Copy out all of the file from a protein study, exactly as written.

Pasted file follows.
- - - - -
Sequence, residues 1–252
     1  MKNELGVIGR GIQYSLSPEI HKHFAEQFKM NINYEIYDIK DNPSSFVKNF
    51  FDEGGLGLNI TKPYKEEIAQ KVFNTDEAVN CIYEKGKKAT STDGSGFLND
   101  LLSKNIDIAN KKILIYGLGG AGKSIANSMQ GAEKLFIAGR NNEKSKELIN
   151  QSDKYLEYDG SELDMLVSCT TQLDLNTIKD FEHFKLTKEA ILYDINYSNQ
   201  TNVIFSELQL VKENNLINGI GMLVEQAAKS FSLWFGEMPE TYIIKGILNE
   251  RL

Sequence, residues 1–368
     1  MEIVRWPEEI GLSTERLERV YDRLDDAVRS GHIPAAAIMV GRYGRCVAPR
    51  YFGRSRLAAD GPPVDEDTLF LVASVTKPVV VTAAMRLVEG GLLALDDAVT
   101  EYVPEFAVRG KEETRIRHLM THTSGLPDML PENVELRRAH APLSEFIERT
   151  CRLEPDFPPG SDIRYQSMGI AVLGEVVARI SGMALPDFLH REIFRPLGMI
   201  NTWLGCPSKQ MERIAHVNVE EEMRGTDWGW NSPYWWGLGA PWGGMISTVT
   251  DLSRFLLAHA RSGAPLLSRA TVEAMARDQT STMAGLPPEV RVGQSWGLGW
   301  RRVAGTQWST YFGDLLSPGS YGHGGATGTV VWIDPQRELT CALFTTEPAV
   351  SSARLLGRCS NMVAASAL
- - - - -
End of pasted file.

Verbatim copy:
Sequence, residues 1–252
     1  MKNELGVIGR GIQYSLSPEI HKHFAEQFKM NINYEIYDIK DNPSSFVKNF
    51  FDEGGLGLNI TKPYKEEIAQ KVFNTDEAVN CIYEKGKKAT STDGSGFLND
   101  LLSKNIDIAN KKILIYGLGG AGKSIANSMQ GAEKLFIAGR NNEKSKELIN
   151  QSDKYLEYDG SELDMLVSCT TQLDLNTIKD FEHFKLTKEA ILYDINYSNQ
   201  TNVIFSELQL VKENNLINGI GMLVEQAAKS FSLWFGEMPE TYIIKGILNE
   251  RL

Sequence, residues 1–368
     1  MEIVRWPEEI GLSTERLERV YDRLDDAVRS GHIPAAAIMV GRYGRCVAPR
    51  YFGRSRLAAD GPPVDEDTLF LVASVTKPVV VTAAMRLVEG GLLALDDAVT
   101  EYVPEFAVRG KEETRIRHLM THTSGLPDML PENVELRRAH APLSEFIERT
   151  CRLEPDFPPG SDIRYQSMGI AVLGEVVARI SGMALPDFLH REIFRPLGMI
   201  NTWLGCPSKQ MERIAHVNVE EEMRGTDWGW NSPYWWGLGA PWGGMISTVT
   251  DLSRFLLAHA RSGAPLLSRA TVEAMARDQT STMAGLPPEV RVGQSWGLGW
   301  RRVAGTQWST YFGDLLSPGS YGHGGATGTV VWIDPQRELT CALFTTEPAV
   351  SSARLLGRCS NMVAASAL